One of Three 1967 Toyota-Shelby 2000GTs Expected to Fetch Millions at Auction

Built by Toyota engineers and prepped for racing by Carroll Shelby, this super-rare car will likely break some records.

byKristin V. Shaw|
For Sale photo


A few weeks ago, Hagerty valuation expert John Wiley shook his Magic 8-Ball and predicted that a Japanese car would break the $2 million ceiling at auction in 2022. “It could be a 007-worthy Toyota 2000GT convertible, or a winning Mazda (or Toyota) Le Mans prototype,” he said. “Or, a Nissan Skyline R34 GTR NISMO Z-Tune and Lexus LFA Nürburgring might also break this threshold.”

Gooding & Company is presenting a strong contender that is likely to prove that prognostication to be true: an ultra-rare 1967 Toyota-Shelby 2000GT. The high-end auction house estimates this racecar to be worth between $2.75 million and $3.5 million at the Amelia Island Concours coming up in March. 

This car has a fascinating pedigree. Toyota shipped chassis MF10-10001 to Carroll Shelby to develop the 2000GT as part of the Japanese brand’s $500,000 investment in its racing program. Shelby and his team went to work in his California shop, prepping it for the 1968 SCCA Championship in the C-Production class. The 1967 2000GT was raced for a brief period of time and remained in the U.S. as one of three cars prepped by Shelby himself.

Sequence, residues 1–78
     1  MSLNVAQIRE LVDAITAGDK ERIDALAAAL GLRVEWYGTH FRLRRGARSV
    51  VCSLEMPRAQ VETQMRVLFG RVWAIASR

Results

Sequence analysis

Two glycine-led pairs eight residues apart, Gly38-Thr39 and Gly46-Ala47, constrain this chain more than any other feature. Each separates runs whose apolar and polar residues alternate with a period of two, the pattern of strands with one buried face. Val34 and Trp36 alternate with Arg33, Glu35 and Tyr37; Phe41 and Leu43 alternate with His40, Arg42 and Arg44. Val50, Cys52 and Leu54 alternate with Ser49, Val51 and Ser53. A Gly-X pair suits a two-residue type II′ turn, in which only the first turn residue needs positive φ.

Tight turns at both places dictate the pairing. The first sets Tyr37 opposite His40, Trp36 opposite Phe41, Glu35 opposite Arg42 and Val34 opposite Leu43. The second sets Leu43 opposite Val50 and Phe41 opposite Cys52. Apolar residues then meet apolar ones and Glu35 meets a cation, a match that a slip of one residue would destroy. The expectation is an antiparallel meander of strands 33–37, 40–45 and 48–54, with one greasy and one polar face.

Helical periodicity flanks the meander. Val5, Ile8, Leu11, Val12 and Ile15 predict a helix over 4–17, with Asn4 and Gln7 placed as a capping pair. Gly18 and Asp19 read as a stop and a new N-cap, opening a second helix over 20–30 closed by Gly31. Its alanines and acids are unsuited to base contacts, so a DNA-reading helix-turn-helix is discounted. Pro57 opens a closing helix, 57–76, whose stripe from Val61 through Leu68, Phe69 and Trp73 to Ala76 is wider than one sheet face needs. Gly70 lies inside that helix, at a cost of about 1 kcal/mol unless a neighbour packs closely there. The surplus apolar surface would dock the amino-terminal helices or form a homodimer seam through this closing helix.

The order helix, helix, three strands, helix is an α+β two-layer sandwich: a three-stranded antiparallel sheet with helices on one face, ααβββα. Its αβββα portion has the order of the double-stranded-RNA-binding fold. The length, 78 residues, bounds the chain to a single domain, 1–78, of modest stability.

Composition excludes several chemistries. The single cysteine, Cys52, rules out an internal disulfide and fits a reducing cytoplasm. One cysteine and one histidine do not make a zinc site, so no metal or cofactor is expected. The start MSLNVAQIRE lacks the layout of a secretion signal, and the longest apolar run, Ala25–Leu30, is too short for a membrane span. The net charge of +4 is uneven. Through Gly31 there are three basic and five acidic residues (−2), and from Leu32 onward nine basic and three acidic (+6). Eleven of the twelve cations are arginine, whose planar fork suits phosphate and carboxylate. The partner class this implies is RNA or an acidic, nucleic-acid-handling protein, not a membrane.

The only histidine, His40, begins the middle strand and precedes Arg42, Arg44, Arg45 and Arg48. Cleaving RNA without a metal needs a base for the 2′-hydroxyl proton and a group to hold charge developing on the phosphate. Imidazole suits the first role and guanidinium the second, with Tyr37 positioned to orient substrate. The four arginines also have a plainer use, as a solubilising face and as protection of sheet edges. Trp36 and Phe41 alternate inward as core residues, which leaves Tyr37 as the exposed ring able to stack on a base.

“Given its unique status as the first serial-numbered 2000 GT ever built, and its important role in the Carroll Shelby-run SCCA racing program, MF10-10001 is surely among the most significant Toyotas ever built,” Gooding & Company says. “And arguably, one of the most influential Japanese automobiles of all time.”

The auction house says the car has been owned since 1980 by the same private collector, “a gentleman widely regarded as the foremost 2000GT specialist.” While the consignor isn’t named, a little research revealed that it’s Robert Tkacik of Maine Line Exotics, who has a photo of this car on his site. Tkacik purchased the car four decades ago and finished a frame-off restoration to its original state in the early 90s. Once restored, the collector took it on the road to be showcased at NHIS, Monterey, the Goodwood Festival of Speed, and a number of Concours events. A Japanese film company even produced a full-length documentary about this car and its history, and presented it in movie theaters in Tokyo in 2010. 

With prices skyrocketing for used and classic cars in the last two years, this restored beauty will probably fetch a number in the $2-3 million range when the hammer comes down. Place your bets now. 

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